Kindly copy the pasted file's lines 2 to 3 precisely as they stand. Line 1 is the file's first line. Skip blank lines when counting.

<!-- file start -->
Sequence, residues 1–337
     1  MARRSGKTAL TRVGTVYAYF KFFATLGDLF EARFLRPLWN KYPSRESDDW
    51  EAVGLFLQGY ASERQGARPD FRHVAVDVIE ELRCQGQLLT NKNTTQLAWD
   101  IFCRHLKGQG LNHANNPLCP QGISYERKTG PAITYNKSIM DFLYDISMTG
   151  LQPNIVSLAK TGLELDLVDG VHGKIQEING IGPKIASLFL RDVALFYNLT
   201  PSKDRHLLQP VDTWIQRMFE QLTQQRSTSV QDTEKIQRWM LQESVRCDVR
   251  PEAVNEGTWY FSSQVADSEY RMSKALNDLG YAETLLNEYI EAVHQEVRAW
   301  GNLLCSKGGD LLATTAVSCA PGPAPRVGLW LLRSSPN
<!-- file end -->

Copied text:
     1  MARRSGKTAL TRVGTVYAYF KFFATLGDLF EARFLRPLWN KYPSRESDDW
    51  EAVGLFLQGY ASERQGARPD FRHVAVDVIE ELRCQGQLLT NKNTTQLAWD